The opinion of the court was delivered by: Judge Caputo
Defendant Queensboro Professional Wood Flooring, LLC and its owner, defendant, Tomasz Korytkowski (collectively "Queensboro") move for a more definite statement of plaintiffs Arkadiusz and Agnieszka Pozarlik's amended complaint under Federal Rule of Civil Procedure 12(e) or to strike several paragraphs of the complaint for failure to state a claim pursuant to Fed. R. Civ. P. 12(b)(6). (Doc. 10.) Queensboro argues that the amended complaint's vagueness makes it impossible for it to answer the allegations in good faith without potentially prejudicing itself. The Court agrees and will order the Pozarliks to file a a more definite statement of the paragraphs of the amended complaint discussed below.
The Pozarliks' allege as follows.
This suit arises out of a tragic fire that occurred during a home remodeling. The Village at Camelback is a condominium community located in Tannersville, Pennsylvania and operated by Camelback Associates, Inc. Defendant Bella Chernov, owner of Unit 298, hired Queensboro to repair and refinish her unit's floors; Queensboro contracted with Arkadiusz Pozarlik. Ms. Chernov also had other individuals working on the unit during the floor refinishing. On July 22, 2009, Queensboro removed a heater in the unit from the pipe to which it was attached without properly securing the propane gas or gas line. That same day, there was an explosion and fire in the unit. Mr. Pozarlik, who was inside 298 working on the floors at the time, was seriously injured. In their complaint against Queensboro and the other defendants for negligence, the Pozarliks make the following allegations:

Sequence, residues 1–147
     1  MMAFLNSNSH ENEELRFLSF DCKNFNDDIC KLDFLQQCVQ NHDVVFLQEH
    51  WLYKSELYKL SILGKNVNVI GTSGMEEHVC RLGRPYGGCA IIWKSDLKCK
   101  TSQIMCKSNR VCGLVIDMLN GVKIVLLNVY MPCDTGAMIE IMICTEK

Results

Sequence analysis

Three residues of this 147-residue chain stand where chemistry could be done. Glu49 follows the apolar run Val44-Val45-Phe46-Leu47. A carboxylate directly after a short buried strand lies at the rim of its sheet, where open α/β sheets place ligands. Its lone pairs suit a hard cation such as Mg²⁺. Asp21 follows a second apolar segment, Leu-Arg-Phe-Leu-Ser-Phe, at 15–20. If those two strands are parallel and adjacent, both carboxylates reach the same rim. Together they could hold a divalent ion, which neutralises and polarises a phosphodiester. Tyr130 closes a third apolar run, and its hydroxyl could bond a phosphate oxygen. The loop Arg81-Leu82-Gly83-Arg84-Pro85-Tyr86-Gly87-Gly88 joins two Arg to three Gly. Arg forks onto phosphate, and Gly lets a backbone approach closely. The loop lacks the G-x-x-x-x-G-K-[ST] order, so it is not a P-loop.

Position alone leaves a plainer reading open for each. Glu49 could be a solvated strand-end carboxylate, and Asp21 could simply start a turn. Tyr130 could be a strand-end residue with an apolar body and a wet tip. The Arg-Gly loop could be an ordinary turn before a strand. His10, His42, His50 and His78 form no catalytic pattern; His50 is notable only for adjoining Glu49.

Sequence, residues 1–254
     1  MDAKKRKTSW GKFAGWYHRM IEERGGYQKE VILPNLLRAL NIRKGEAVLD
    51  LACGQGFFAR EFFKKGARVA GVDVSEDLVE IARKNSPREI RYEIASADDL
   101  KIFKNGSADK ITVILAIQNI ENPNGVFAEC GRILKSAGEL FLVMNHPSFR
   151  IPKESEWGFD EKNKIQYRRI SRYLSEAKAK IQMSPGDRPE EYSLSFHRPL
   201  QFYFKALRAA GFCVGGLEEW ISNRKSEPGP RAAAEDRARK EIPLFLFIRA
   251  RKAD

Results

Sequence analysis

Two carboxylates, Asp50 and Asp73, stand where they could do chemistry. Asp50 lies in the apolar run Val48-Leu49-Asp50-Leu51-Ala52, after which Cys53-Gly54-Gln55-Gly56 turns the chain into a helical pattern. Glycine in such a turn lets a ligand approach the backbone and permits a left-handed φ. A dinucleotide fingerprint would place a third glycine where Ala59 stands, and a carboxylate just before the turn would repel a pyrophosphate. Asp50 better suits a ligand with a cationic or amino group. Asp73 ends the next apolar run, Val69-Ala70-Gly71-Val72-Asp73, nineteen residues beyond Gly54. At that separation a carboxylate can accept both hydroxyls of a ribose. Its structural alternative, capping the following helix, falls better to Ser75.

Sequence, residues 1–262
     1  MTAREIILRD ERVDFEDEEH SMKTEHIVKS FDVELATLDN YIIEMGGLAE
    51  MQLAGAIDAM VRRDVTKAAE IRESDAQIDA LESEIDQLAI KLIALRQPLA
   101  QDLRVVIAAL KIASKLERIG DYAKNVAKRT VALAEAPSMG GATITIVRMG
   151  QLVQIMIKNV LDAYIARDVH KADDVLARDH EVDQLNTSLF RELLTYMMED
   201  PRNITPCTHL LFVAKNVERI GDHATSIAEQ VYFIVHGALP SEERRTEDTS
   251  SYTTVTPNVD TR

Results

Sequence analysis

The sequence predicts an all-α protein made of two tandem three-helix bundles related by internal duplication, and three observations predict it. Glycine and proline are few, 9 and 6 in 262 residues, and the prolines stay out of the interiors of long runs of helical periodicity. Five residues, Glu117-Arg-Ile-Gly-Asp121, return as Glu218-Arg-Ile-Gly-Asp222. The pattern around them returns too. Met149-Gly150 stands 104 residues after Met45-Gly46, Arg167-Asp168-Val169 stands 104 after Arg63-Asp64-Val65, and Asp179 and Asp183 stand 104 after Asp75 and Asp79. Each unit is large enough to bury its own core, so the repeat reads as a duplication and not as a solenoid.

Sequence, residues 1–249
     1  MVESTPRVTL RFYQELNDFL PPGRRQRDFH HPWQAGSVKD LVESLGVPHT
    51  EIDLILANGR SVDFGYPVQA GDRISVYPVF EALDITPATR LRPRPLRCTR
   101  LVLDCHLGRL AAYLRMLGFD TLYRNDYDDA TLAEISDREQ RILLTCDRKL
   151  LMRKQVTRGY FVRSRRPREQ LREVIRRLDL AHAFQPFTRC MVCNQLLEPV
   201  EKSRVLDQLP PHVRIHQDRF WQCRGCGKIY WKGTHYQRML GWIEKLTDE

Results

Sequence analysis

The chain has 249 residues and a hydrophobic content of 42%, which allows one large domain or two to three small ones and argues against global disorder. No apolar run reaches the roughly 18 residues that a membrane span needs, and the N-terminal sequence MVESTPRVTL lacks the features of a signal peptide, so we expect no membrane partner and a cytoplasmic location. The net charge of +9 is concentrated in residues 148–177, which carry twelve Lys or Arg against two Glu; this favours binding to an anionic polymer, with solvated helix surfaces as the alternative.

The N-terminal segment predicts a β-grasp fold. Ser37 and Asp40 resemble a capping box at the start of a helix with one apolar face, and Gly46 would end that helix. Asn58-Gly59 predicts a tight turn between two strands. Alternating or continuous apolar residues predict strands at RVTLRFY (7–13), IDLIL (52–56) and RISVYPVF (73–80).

Defendant Bella Chernov, individually and through her agents, ostensible or apparent agents, servants, workmen and/or employees, including but not limited to Dmitri Epelboym, Defendant Queensboro Flooring, Defendant Queensboro Professional, Defendant Tomasz Korytkowski, and Defendants John Does Nos. 1-6, individually and through their respective agents, ostensible or apparent agents, servants, workmen and/or employees, were negligent in . . . failing to abide by the rules and regulations of the condominium and condominium association with respect to work at the units . . . failing to exercise reasonable care in the performance of duties at the subject property including but not limited to carelessly and negligently acting as follows . . . failing to ensure that proper techniques were employed, and applicable safety procedures followed, as to the use of power tools and equipment at the subject property; [and] . . . violating the standards of care prescribed by statutes, rules, regulations, ordinances, codes, and/or industry customs applicable to this action. (Pl. Cmpt. ¶ 47) (emphasis added.)
Based on the allegations of ¶ 47 of the amended complaint, Queensboro filed a motion for a more definite statement or to strike portions of the complaint under Fed. R. Civ. P. 12(b)(6). Queensboro argues these allegations lack specificity and leave the Pozarliks too many "escape hatches" that prevent it from answering the complaint in good faith without potentially prejudicing itself and, more generally, from mounting a proper defense.
The motion has been briefed and is ripe for review.